Using this tentative market value in our thought experiment, Pleasant Valley's 2012 tax rate becomes $2.31 per thousand dollars of market (or assessed) value, instead of the $2.50 from the oversimplified example.  Comparing this with the 2011 tax rate of $2.45 shows that in 2012, Pleasant Valley will have a tax rate decrease of 5.6 percent.  Once again, this result assumes a tax levy increase at Cuomo's 2 percent level. 

What does this mean for the individual taxpayer in Pleasant Valley?  If your taxable market value for 2012 happens to be unchanged from 2011, you will see a 5.6 percent decrease in the Town portion of your 2012 tax bill.  However, quite a few properties will see a substantial increase in their 2012 taxable market value.  After all, that 8.1 percent market value increase for the Town must come from somewhere.  These property owners will obviously see increases in their tax amount in accordance with how much their property value has increased.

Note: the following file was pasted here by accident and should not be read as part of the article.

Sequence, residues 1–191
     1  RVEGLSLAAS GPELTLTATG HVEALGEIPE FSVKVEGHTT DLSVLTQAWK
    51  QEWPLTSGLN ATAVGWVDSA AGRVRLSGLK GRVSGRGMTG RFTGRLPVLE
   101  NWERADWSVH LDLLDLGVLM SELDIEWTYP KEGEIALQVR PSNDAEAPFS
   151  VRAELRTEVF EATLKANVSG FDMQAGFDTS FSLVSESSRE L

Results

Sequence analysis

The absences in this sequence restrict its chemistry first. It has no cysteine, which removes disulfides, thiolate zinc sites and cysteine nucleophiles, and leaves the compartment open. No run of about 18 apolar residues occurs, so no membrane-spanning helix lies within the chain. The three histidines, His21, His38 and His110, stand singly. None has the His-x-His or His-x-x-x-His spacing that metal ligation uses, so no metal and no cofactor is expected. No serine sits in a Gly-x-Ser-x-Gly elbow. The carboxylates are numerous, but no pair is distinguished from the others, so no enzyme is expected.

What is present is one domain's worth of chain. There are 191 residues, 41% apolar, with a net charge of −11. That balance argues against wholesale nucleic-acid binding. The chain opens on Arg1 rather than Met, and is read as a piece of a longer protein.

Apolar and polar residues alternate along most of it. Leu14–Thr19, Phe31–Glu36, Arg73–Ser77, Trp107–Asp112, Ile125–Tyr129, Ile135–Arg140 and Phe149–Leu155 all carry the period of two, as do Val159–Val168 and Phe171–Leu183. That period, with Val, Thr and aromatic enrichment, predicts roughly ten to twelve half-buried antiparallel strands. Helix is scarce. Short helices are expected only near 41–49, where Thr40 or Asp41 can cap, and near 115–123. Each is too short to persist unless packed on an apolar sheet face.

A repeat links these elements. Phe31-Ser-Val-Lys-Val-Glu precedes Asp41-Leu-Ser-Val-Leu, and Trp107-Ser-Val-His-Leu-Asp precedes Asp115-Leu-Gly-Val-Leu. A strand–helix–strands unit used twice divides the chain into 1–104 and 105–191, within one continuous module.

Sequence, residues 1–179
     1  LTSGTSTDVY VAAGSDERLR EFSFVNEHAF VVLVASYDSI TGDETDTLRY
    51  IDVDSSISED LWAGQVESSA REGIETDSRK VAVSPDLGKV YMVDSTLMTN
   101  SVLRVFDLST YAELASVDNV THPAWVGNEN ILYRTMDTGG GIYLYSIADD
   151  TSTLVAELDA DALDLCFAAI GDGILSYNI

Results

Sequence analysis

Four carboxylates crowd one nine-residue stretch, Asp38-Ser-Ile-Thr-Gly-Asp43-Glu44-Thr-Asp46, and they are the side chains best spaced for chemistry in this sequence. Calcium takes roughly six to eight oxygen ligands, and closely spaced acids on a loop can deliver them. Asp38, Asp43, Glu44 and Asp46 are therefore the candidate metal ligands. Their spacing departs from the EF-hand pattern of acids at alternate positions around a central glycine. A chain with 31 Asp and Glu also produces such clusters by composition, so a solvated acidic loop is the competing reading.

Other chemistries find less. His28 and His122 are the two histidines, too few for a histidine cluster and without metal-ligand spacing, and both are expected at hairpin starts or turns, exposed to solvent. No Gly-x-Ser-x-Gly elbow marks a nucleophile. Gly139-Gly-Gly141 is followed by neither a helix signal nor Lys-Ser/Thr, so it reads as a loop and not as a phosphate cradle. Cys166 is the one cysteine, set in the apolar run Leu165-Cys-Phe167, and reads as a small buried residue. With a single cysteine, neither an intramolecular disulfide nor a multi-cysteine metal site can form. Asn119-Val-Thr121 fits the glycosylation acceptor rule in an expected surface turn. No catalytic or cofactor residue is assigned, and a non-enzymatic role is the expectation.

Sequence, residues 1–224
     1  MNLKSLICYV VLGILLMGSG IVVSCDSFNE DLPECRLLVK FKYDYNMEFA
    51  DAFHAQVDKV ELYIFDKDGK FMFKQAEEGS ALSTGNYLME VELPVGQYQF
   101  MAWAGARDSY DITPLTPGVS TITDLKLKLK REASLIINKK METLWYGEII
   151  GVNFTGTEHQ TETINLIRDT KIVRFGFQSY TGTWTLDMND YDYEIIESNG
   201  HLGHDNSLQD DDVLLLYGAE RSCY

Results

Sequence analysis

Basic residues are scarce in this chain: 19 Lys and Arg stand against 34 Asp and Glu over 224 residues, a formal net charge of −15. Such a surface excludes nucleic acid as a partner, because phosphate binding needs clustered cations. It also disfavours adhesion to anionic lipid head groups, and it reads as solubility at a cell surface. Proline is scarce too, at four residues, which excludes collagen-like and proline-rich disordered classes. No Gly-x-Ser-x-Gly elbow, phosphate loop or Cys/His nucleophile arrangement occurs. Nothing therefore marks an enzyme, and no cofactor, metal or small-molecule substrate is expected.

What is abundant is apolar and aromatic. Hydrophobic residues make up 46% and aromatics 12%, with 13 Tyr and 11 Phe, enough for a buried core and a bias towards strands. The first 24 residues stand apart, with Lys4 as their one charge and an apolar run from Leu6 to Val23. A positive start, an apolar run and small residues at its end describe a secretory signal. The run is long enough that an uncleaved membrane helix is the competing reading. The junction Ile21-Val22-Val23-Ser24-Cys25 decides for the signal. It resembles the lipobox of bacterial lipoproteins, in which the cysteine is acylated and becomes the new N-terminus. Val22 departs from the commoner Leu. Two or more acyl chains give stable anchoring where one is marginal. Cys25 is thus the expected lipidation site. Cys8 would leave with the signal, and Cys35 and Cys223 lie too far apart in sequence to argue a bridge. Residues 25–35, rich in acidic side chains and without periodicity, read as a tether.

Supervisor's Miscalculation

OK, back to McNair's dilemma.  With the above more precise projection of market value, McNair's flawed method requires calculating the percent change of 2012's tax rate of $2.31 per thousand dollars of assessed value from 2011's $4.15.  McNair will be faced with needing to claim that an 8.1 percent increase in market value and a 2 percent increase in tax levy results in a tax rate decrease of 44.3 percent.

My Message to Pleasant Valley Town Officials

As I stated in my emails to Pleasant Valley Town Supervisor McNair and Town Board members, my purpose is not to embarrass the Supervisor or other Town officials.  My purpose is to help correct what I believe to be an honest mistake, in order that property taxpayers, other stakeholders, and not least the Pleasant Valley town government itself can have a correct picture of how the town's property tax rate is changing.


I'm grateful to Pleasant Valley Town Assessor Teresa Stegner for graciously providing me with the Town's tentative taxable assessed value and other helpful information.

Pleasant Valley Table and Charts Are Available

The format of this blog is not really suitable for presenting the large table and charts of Pleasant Valley's tax rate history that I would have liked to show as part of this post.  Interested readers can find this supplementary information in my report Town of Pleasant Valley Property Tax Rate History.